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will not come personally until after the Millennium, but that an abundant outpouring of the Spirit will subdue all nations to the obedience of faith during that period, and are hence styled Spiritual reign Millennarians. Millerites agree with the Literalists in the fact of the Pre-Millennial advent, but spiritualize the predictions respecting the return of the Jews to their own land, and maintain that all unbelieving Jews and gentiles will be destroyed with the earth in a general conflagration at the time of the advent, and so an end will be put to the work of mediation and salvation, and the earth reformed and beautified will become the abode of the saints for ever. They may consequently be designated as Anti-mediatorial Millennarians. But the Literalisis believe that the Jews, or natural seed of Abraham according to promise, will be restored to their own land at the coming of Christ, and that the Millennium will be a mediatorial dispensation, exceeding all others before it, in the excellency of its provisions, the efficiency of its administration, and the extent of its influence. And hence they may be denominated Mediatorial Millennarians. It is unnecessary to extend these remarks further on these differences. What is said will indicate sufficiently the relative position of each class of writers.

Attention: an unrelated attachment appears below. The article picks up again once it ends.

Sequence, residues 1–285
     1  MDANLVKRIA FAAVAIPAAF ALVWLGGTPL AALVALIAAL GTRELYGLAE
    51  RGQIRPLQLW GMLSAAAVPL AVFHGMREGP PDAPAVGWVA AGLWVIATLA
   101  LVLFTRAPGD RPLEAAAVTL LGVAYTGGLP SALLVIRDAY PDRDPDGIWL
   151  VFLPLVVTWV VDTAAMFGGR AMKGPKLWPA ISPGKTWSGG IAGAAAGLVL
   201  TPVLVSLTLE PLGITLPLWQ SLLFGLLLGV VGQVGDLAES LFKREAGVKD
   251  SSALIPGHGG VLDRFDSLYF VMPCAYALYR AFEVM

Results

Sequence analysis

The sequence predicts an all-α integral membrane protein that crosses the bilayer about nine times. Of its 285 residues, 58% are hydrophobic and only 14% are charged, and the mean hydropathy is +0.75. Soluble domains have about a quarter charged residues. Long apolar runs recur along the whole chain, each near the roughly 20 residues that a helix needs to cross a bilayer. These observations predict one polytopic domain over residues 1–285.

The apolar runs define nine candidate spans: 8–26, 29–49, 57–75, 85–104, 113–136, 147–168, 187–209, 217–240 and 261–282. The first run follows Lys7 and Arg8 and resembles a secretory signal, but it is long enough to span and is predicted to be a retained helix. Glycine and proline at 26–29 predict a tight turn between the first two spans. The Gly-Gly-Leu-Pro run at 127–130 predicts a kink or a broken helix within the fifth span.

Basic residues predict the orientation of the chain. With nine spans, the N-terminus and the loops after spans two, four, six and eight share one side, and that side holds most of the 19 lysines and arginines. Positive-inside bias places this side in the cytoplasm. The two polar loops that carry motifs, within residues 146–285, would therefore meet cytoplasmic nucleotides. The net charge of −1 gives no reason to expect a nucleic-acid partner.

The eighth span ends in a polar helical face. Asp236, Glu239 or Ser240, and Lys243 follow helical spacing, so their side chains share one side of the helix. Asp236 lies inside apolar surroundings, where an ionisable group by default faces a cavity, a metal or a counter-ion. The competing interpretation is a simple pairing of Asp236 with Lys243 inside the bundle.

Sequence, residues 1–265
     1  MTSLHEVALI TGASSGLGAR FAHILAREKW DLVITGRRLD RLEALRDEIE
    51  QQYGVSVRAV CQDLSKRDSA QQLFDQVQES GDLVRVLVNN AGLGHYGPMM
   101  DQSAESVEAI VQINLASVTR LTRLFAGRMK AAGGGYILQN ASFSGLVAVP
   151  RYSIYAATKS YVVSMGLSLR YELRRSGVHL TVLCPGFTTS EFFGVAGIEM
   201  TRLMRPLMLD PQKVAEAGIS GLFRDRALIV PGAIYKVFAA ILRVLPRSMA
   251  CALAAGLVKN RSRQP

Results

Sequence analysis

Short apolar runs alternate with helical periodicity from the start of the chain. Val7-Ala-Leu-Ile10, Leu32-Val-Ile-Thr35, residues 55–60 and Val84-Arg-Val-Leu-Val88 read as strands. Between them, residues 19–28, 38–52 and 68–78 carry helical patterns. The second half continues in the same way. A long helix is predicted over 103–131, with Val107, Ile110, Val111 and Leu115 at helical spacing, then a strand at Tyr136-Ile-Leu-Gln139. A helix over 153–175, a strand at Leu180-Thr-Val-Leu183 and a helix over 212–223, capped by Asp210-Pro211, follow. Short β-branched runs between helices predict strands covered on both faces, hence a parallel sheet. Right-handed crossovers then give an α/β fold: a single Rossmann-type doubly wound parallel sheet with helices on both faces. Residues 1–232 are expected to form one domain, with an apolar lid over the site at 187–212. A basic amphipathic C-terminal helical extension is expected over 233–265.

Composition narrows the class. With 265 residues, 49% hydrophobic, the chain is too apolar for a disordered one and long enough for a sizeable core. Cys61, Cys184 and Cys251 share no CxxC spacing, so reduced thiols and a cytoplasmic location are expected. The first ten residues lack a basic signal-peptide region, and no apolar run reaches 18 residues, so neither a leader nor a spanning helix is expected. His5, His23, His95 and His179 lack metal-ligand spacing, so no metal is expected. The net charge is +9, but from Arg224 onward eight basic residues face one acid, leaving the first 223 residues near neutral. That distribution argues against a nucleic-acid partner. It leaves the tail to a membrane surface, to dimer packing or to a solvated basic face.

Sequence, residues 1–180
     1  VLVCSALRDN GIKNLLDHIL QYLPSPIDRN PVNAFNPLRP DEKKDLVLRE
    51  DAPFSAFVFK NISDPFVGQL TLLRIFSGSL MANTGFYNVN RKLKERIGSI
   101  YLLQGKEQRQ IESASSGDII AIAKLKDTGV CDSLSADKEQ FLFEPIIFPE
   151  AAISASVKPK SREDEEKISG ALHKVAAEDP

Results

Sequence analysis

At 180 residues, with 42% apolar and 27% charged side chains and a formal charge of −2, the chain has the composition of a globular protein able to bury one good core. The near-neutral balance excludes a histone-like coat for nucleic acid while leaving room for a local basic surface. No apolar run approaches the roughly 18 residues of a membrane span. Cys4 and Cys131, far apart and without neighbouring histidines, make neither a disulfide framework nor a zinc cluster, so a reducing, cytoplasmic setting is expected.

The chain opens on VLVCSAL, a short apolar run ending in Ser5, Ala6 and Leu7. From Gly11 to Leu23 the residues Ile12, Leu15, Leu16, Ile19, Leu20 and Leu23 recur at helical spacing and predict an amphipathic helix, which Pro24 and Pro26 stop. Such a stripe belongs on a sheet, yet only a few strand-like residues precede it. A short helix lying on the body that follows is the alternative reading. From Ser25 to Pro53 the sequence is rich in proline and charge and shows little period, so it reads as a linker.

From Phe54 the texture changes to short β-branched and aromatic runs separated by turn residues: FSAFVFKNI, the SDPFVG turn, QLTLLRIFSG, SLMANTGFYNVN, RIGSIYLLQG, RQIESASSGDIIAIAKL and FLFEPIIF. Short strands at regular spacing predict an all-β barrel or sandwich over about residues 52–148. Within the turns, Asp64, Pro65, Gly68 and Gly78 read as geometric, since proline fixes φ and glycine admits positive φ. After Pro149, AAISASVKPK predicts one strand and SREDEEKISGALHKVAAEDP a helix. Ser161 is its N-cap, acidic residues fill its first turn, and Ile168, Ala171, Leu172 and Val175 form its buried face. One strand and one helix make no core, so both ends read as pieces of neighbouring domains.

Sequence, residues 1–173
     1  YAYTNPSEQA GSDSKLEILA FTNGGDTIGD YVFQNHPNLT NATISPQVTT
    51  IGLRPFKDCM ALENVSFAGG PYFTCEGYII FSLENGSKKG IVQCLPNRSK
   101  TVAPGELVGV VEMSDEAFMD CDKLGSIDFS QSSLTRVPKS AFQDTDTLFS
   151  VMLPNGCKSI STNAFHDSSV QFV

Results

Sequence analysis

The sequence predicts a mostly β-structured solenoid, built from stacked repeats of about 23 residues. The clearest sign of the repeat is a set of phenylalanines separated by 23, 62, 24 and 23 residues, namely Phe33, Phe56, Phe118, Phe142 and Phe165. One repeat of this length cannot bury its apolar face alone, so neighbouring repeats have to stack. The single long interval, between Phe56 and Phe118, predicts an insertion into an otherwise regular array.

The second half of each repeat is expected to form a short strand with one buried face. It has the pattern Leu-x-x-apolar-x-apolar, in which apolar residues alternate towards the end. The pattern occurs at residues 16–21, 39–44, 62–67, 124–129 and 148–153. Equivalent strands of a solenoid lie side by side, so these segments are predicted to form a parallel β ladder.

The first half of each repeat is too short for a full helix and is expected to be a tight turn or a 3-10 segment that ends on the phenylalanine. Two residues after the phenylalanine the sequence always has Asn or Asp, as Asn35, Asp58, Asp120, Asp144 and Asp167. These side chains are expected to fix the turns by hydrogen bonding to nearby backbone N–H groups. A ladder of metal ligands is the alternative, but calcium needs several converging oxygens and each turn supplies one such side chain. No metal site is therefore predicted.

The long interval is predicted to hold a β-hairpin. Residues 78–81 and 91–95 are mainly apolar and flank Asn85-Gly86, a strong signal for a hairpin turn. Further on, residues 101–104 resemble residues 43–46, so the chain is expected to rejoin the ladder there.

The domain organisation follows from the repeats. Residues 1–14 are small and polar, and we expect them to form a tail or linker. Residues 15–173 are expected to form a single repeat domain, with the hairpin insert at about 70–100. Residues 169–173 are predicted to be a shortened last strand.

The views presented in these Discourses will be found to accord with the Literalists on these leading points, and it is with pleasure I acknowledge how greatly their writings have contributed to confirm my mind in their truthfulness : and no work has been of such essential service to me in this respect as “ The Theological and Literary Journal,” by David N. Lord of New York, and his “ Exposition of the Apocalypse,” both of which are invaluable to the Bible student. There are, however, many particulars in the scheme to be presented in these Discourses, which, although fully sustained by the same rules of Scriptural exegesis, may, perhaps, appear to be novel to most if not all who may read them. And it is due to the reader as well as to the writer to state that they have been attained by a diligent and prayerful reading of the Word of God, in humble dependence upon Him for wisdom, who giveth liberally and upbraideth not. Nearly twelve years ago I was prompted under peculiar circumstances to read the Bible, and the Bible alone, until I had perused it several times, for the